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Credit card reform law's major provisions are a year old on Feb 22nd.
On Feb 22, 2011 will be 1 year since the major provisions of President Obama’s, Credit Card Act of 2009 took effect. These changes are some of the biggest that have ever happened in credit card history. The change impacting consumers most was one that ended surprise interest rate hikes. Banks can no longer freely jack up interest rates on consumer credit cards. APRs can be increased on existing card balances in only a limited number of circumstances, such as when cardholders are more than 60 days late paying their bills. As you may have noticed most all banks raised your interest rates before this Act launched in Feb of last years. People that had good rate before now see them jump between 20-30% somewhere and for no reason. If you had a fixed rate credit card, you most likely got another notice saying you are now on a variable interest rate.
The study also found that despite banks' assertions that the new law would raise interest rates for all consumers; annual percentage rates APRs) have remained flat on average when you discount the impact of the economic downturn. This is only because the bank made those changes right before February. So in the last year there have not been any increases in interest rates unless you’re late on a payment or go over the limit. Now you will see your interest rate go up right away in this case. There is no more forgiveness for late payments where your rate stays the same. It will go up for sure!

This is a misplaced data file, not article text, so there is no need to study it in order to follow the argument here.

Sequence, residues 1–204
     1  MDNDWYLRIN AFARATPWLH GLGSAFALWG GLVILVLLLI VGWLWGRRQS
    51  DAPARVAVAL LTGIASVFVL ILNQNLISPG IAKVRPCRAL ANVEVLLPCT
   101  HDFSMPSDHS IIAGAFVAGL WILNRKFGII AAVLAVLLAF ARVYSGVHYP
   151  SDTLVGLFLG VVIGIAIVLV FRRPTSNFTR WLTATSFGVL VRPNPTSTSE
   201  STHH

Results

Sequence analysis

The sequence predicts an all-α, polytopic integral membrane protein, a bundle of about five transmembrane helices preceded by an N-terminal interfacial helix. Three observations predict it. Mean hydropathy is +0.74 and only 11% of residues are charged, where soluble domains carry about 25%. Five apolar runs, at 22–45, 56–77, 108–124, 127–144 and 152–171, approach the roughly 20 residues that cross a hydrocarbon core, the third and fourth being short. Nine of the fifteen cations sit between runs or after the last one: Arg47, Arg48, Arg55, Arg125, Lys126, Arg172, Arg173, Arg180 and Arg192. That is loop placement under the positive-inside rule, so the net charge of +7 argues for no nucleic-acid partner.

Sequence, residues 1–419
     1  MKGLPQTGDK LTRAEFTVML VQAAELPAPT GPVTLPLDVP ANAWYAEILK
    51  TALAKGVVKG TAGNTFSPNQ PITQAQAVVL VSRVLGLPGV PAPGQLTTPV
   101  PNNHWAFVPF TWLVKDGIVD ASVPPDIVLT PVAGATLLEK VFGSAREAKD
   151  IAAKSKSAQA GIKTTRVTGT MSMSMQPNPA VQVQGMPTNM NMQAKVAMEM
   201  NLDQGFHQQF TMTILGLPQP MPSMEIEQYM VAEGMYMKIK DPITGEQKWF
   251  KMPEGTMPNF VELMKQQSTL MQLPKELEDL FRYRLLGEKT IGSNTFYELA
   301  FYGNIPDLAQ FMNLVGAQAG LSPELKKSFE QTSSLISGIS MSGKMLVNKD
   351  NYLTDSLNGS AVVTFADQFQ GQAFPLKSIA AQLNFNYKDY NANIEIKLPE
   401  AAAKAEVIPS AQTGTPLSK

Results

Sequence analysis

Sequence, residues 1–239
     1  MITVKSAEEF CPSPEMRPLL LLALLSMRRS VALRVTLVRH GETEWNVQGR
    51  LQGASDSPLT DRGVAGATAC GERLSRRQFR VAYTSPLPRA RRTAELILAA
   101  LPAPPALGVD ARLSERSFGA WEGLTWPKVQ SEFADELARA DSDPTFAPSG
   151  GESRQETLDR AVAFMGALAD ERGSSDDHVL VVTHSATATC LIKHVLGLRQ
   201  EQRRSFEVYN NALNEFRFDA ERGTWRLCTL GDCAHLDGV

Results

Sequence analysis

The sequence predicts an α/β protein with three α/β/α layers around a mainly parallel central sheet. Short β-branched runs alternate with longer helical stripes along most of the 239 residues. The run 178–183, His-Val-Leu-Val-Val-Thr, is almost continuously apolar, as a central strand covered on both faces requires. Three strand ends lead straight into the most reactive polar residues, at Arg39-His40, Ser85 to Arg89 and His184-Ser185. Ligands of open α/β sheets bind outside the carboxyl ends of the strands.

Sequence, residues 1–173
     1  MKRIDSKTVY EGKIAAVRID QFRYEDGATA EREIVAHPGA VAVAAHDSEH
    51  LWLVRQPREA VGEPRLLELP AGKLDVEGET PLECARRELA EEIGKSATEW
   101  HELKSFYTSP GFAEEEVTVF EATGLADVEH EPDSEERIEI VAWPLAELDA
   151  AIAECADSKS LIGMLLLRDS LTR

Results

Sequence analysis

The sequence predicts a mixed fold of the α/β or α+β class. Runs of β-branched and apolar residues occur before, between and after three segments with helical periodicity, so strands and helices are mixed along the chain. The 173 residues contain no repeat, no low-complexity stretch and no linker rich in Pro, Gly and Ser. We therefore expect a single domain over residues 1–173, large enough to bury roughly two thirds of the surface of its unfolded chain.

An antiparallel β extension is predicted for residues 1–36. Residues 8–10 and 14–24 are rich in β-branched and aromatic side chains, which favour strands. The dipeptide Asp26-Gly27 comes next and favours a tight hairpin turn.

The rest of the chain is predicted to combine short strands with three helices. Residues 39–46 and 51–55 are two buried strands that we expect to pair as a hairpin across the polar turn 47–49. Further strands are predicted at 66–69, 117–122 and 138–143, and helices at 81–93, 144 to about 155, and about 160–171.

The credit card reform law kicked in just as the economic downturn was strangling the country, industry and banking analysts have said it was difficult to say for certain which development had the greatest impact on credit card rates - the economy or the regulations.
Interest rate gap falls between promised rates, actual rate on their cards
The major findings were based on data released monthly by the Federal Reserve showing interest rates consumers actually pay on their credit cards. Researchers say this is a better measure than rates that are advertised by issuers or offered in direct mail solicitations. The study showed there was a gap between what consumers are offered for interest rates and what they actually paid. That gap now has narrowed after the credit card reforms took effect and stated rates were close to actual rates paid.
Industry sees trade-offs
The banking industry says although consumers have benefited from the card law reforms, there have been trade-offs that haven't been so beneficial. More annual fees have been reinstated or added to many accounts, and banks have introduced a host of new fees in an attempt to make up projected revenue shortfalls from interest consumers are no longer paying.
The credit card companies are making their offers look a lot better on new cards now. You will most likely get a 0% interest rate for 6-12 months and between 11.99%-21.99% afterwards based on your credit score and worthiness.
Looking into the future of credit cards
The future of credit card use is not looking good and it’s not because of the economy! It is actually Technology that is going to change how we use our credit cards. We are on our way to using cell phone technology to pay for our purchases. You will be able to bump your cell phone at the register to pay for your purchases. Sounds crazy for sure doesn’t it ! But if you told me 10 years ago what my 4g cell phone would do, I would say you’re crazy.